by Tim Atkin

Why consumers like Chenin Blanc more than Riesling

Where was the Riesling? Johann de Wet shrugged sheepishly and said he’d brought five Robertson Chardonnays to taste instead. “We only make 6,000 bottles of Riesling these days,” he admitted. “Our family drinks a third of it, we give half away to friends and we struggle to sell the rest.”

The de Wet’s are Riesling enthusiasts – Johann’s father, Danie, studied at Germany’s prestigious Geisenheim Wine Institute in the early 1970s and as recently as 1981 the variety accounted for a third of the winery’s production – but, like others in South Africa and elsewhere, their zeal has collided with commercial reality. Whisper it in wine circles, where the grape is invariably greeted with knee-bending reverence, but most consumers don’t like Riesling.

Why? I’ve attended enough Riesling conferences over the years, with the same group of evangelists saying the same things ad infinitum, to be familiar with the excuses. It’s the flute bottle, it’s the long, deformed shadow of Liebfraumilch, it’s the array of different styles or, as my colleague Jancis Robinson MW argued recently in the Financial Times, just the fact that Riesling has “too much flavour and character”. Some and even all of these may be true, yet outside Germany, Austria and Australia, Riesling is a tough sell.

I love Riesling (nearly) as much as anyone, although I’m dismayed by its fans’ tendency to bash Chardonnay, which is an equally sublime grape, but maybe we have to accept defeat. Like free form jazz and the films of Ingmar Bergman, Riesling is never going to enjoy broader public success. To borrow a phrase from the 19thcentury French novelist Stendhal, it’s a grape for the “happy few”. Sherry and Semillon are in a similar situation.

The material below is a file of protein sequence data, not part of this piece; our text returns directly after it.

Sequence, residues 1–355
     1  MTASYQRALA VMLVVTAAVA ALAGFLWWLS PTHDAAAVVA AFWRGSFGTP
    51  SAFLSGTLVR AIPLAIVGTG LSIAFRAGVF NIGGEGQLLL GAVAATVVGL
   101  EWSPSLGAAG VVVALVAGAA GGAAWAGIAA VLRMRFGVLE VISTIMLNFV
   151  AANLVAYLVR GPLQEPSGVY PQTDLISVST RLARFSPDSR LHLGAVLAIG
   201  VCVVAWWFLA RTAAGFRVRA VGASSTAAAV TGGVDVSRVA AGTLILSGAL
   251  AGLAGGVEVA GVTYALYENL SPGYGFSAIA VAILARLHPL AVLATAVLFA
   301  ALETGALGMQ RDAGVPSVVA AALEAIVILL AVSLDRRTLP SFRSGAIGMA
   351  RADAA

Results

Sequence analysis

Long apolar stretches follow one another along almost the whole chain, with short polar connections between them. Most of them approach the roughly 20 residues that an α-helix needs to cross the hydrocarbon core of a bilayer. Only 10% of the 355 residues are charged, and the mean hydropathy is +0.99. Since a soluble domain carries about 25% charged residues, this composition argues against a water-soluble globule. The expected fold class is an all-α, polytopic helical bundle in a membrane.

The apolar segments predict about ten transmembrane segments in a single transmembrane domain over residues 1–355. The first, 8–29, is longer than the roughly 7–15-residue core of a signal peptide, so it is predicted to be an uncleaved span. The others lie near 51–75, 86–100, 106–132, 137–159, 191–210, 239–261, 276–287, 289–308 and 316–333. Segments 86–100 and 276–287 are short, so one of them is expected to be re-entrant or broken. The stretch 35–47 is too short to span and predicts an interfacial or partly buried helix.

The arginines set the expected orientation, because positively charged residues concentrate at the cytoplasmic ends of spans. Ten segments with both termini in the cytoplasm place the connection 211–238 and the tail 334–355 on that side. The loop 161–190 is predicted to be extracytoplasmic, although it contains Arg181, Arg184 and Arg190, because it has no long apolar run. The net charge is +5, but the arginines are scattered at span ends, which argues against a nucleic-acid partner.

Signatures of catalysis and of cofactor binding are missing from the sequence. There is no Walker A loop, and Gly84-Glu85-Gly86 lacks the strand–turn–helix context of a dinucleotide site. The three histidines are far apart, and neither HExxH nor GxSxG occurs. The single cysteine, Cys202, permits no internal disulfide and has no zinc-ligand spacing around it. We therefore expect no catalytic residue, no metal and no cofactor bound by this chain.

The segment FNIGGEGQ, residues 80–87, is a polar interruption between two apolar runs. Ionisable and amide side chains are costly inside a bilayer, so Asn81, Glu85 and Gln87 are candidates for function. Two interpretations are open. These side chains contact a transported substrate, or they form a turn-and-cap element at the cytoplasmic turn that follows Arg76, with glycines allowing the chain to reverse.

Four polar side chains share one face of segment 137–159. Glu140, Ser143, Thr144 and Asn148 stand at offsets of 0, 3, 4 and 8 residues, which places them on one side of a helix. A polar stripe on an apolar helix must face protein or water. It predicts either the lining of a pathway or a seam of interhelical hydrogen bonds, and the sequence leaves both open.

Should we Riesling aficionados abandon the mass white wine market to sweet Moscato, over-cropped Sauvignon Blanc and flavourless Pinot Grigio, weeping into our glasses of JJ Prüm Wehlener Sonnenuhr and Trimbach Cuvée Frédéric Emile? Maybe not just yet. Even if Riesling is never going to triumph, Chenin Blanc just might. The bland don’t have to lead the bland.

Global plantings aren’t as extensive as those of Riesling – according to the OIV’s latest statistics there are 33,081 and 63,936 hectares of each – but Chenin Blanc is grown in 23 countries, including major players such as Argentina, Australia and the United States, as well as (mostly) in France and South Africa. It’s the 26thmost important variety in the world.

You could also argue that it’s stylistically even more diverse than Riesling, making wines that can be dry, sweet, medium or sparkling. No other variety can match it. Chenin Blanc also expresses its terroir with precision, whether it be on limestone, sandstone, shale, iron oxide, granite or clay. Sample a range of top Cape Chenins these days – from the likes of Chris Alheit, Mulderbosch or Metzer – and you really can taste the differences.

And what about France? To anyone who remembers Oz Clarke’s memorable description of lean, excessively sulphured Vouvrays smelling of “nut and vomit”, the grape’s increasing success, might be a surprise. Loire Valley styles have changed considerably in the last 20 year, partly because of better viticulture, but also because of climate change and more ambitious winemaking. The sweet styles have always been some of the greatest in the world, but it’s the drier ones, making the most of Chenin’s minerality, focus and freshness that are transforming the grape’s image.

The French may be reluctant to admit it, yet I think that South Africa’s achievements with Chenin have influenced winemakers in Anjou and Touraine, the way that Argentinian Malbec has inspired Cahors and promoted links between the two. There’s no equivalent of Kiwi Cuvée Sauvignon Blanc being produced in the Loire Valley just yet, but a Saffer Cuvée might be a possibility, and would probably sell well.

Maybe it was something that was discussed at this week’s “first ever” Chenin Blanc International Congress in Angers, which attracted some of the best exponents of the grape from both countries. I say first ever, but I attended something similar in the 1990s, where the French were dismissively patronising about the Cape, despite the fact that South Africa grows way more Chenin Blanc. This week, I’m assured, things were very different: a partnership of equals looking to understand and promote a wonderful grape.

Originally published in Harpers; photo of Chris Alheit copyright Tim Atkin MW